Norah Al Faiz
Norah bint Abdullah Al Faiz, also spelled Noura Al Fayez, (born 1956) is the first woman to hold a cabinet-level office in Saudi Arabia. She was vice minister of education from 2009 to 2015.
PC CREDIT: Norah Al-Faiz | Photo by Ziyad Alarfaj
Early life and education[
Norah Al Faiz was born in Shaqraa in 1956. Al Faiz received a bachelor of arts degree in sociology from King Saud University in Riyadh in 1979. She also received a master's degree in Instructional Technologies from Utah State University in 1982.
Upon returning to Saudi Arabia, Al Faiz worked as a teacher. She became head principal of the girls' section at Prince Alwaleed bin Talal’s Kingdom Schools. Later, Al Faiz served as the head of ministry of education’s educational technology center, and a lecturer and head of the training board of the ministry’s administration institute from 1983 to 1988. In 1993, she became ministry's educational supervisor for girls’ private education. She was also appointed the director general of women's section of the institute of public administration in 1993, which she held until 2009. In addition, she worked as an associate professor in the department of education techniques from 1989 to 1995 at the College of Education, King Saud University. Al Faiz was named deputy minister of education in charge of women’s affairs in February 2009 and is the first woman to direct girls’ education in Saudi Arabia. She said that her appointment was "a source of pride for all women." Al Faiz was dismissed from the post in late April 2015.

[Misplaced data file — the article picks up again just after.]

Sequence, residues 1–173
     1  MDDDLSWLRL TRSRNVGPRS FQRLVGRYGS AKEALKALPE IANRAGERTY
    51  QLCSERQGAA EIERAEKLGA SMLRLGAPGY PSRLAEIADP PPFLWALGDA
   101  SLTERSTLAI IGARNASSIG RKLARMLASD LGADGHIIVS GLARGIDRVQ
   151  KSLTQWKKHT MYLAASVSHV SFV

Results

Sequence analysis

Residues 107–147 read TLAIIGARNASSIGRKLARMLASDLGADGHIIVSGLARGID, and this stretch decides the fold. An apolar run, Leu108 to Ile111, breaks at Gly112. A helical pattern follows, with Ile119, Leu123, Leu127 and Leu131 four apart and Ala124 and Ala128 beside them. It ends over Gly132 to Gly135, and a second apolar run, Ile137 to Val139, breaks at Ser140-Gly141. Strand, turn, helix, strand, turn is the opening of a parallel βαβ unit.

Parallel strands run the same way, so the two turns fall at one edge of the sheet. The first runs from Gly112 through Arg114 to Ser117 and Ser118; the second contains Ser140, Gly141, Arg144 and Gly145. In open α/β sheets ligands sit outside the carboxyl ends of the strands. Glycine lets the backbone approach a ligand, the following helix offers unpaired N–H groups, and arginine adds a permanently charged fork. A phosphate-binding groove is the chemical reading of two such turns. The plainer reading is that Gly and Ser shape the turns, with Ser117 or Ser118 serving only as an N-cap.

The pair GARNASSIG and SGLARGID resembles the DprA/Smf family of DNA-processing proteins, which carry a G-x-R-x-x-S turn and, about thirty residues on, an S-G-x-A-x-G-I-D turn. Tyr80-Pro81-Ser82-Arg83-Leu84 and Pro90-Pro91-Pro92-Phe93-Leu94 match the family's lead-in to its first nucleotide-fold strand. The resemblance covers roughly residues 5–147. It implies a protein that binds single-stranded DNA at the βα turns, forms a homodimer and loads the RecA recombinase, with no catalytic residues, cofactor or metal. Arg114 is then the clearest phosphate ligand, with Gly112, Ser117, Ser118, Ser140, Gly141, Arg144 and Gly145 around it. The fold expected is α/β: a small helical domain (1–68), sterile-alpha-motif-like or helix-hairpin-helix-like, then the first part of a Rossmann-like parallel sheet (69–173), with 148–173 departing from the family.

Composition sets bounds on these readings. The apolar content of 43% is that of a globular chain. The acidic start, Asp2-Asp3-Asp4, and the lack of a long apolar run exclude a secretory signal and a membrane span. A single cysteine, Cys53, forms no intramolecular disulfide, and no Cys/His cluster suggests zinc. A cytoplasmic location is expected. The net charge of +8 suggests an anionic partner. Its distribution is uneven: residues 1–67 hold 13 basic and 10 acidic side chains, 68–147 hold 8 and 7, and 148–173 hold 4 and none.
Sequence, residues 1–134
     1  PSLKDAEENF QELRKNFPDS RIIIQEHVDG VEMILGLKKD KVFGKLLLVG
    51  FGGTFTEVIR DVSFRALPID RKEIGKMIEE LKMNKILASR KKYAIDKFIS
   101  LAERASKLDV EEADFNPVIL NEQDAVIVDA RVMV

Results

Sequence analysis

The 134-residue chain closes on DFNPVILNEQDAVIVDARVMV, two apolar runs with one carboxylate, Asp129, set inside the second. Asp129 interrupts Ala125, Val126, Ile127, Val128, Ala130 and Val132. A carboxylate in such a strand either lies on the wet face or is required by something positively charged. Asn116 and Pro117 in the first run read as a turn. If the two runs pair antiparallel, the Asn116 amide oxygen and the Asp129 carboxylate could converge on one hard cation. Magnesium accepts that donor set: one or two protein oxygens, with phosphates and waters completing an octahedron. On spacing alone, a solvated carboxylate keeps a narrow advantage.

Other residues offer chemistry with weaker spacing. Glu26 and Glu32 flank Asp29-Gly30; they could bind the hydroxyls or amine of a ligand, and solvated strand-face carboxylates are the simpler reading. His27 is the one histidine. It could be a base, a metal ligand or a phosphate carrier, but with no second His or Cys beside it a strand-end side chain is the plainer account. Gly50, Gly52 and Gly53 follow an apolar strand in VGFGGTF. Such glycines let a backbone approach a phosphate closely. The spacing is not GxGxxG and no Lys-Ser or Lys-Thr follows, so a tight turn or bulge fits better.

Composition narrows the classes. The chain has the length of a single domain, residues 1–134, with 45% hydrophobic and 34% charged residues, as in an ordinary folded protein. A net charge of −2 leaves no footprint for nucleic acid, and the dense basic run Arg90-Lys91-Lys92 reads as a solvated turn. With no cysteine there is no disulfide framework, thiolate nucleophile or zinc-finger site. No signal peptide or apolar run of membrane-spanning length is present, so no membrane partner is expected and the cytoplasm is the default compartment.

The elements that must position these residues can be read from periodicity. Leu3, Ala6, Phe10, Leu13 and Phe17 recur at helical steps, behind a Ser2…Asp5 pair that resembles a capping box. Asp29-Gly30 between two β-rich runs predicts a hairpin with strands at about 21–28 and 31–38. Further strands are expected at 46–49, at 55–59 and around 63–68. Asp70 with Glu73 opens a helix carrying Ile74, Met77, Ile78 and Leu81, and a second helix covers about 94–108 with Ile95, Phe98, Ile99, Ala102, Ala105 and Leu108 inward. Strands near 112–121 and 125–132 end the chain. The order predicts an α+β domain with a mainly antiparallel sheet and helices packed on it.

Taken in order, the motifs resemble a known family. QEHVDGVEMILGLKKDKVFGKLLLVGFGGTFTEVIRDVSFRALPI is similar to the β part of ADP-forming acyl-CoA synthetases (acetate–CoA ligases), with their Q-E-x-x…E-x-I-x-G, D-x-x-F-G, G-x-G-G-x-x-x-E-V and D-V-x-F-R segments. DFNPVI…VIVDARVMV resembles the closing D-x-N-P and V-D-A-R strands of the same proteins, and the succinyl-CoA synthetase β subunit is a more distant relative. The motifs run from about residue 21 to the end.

Reactions to her appointment